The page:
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Six of the Best, Part 28: Willi Bambach

The 28th in an interview series in which I pose the same six questions to artists of all hues. Willi Bambach is an artist living in Berlin, Germany. He works in a mixture of media, always finding surprising combinations of textures and images in his juxtaposition of different materials. If you live in the New York area, you can currently see his work in Long Island City at this venue.

"Untitled (Crash 201)", 2011, silicon, paper, acrylic color and varnish-color, plastic sheets on Canvas, 98" x 61"
PH: What medium do you chiefly use, and why?

WB: My creativity circles around paintings, sculptures, and installations. The main substance I work with most is probably silicon. Why? Maybe because I feel that it's a perfect mirror of our zeitgeist.
PH: What piece are you currently working on?

WB: Usually I work on several pieces simultaneously. One that I'm working on now is a large painting in my plast-art style, like the one you might already know: "Untitled (Crash 201)." The title will be "Untitled (Decoration 202)". Two more in this style are in the making: "Hulks Orgasm" and "Big fish bloody red blue". Additionally I just finished a sandwork-painting called "Verdauungs (digestive...)", a 6 piece-sculpture set "Prophezeiung (The Prophecy)," and a 21 piece painting-set which discusses colors as such, titled "Colors must burn."

"Schwangere (The Pregnant)", 2013, foamglas-kernel wrapped/covered with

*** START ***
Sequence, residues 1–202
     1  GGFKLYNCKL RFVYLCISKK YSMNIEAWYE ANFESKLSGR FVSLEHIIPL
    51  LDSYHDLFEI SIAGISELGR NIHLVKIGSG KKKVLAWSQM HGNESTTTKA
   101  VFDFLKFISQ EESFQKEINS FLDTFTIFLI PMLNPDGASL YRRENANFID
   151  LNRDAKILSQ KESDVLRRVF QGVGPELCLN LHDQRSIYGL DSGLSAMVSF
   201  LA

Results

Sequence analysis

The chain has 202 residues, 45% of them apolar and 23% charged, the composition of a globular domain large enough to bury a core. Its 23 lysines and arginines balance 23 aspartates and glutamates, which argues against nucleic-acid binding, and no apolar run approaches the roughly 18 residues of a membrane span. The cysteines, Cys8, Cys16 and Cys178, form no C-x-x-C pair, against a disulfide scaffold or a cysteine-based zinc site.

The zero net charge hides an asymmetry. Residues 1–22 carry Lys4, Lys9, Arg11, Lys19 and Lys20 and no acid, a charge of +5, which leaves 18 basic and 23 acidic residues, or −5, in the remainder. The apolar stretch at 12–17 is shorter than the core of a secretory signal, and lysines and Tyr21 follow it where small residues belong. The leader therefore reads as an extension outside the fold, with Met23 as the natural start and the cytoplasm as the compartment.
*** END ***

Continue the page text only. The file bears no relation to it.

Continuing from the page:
fiber-glass and 2 component-resin, colors, 
28" x 25" x 16"

PH: What creative surprises are happening in the current work?

WB: I love the concept of the unexpected surprise, and so in "Untitled (Decoration 202)" you will see a motive behind a curtain which consists of . . . actually the work is a discussion about the connection between violence and sex. In "The Prophecy" you might realize that the wood-pieces are made out of books and the inserted and melted pieces are electronic-boards from computers - only the letters will survive. It's a discussion about the idea that everything man creates isn't made for eternity.

PH: What other artistic medium (or non-artistic activity) feeds your creative process?

WB: It's as simple as this: my creativity fires best when I work on my art.

"Elefant", 2013, Rhubarb leaves, Metal Sponges, Leg of Display Mannequin, 2-Component-Resin, Varnish, Acrylic Colors on Wooden Board (Trunk/Leg is removable), 38" x 50.5" x 28"
PH: What's the first ever piece of art you remember making?

WB: When I was about 10 I did drawings of fashion, but stopped doing this after some time when I realised "this isn't for me. Its too easy to do this." At the age of 16 I did a small abstract god-sculpture, which is still with me as the "good spirit" of my household.

PH: Finally, and you can answer this in any way you want: why are you an artist?

WB: You might remember my tagline from G+: "Art to me is like salty sea-water for the thirsty . . . and I have drunken."

Vielen dank, Willi. And if you liked this interview, and you'd like to keep up to date with the series, why not Subscribe, or sign-up via Google Connect, using one of the options over on the right? Thanks, and keep creating.


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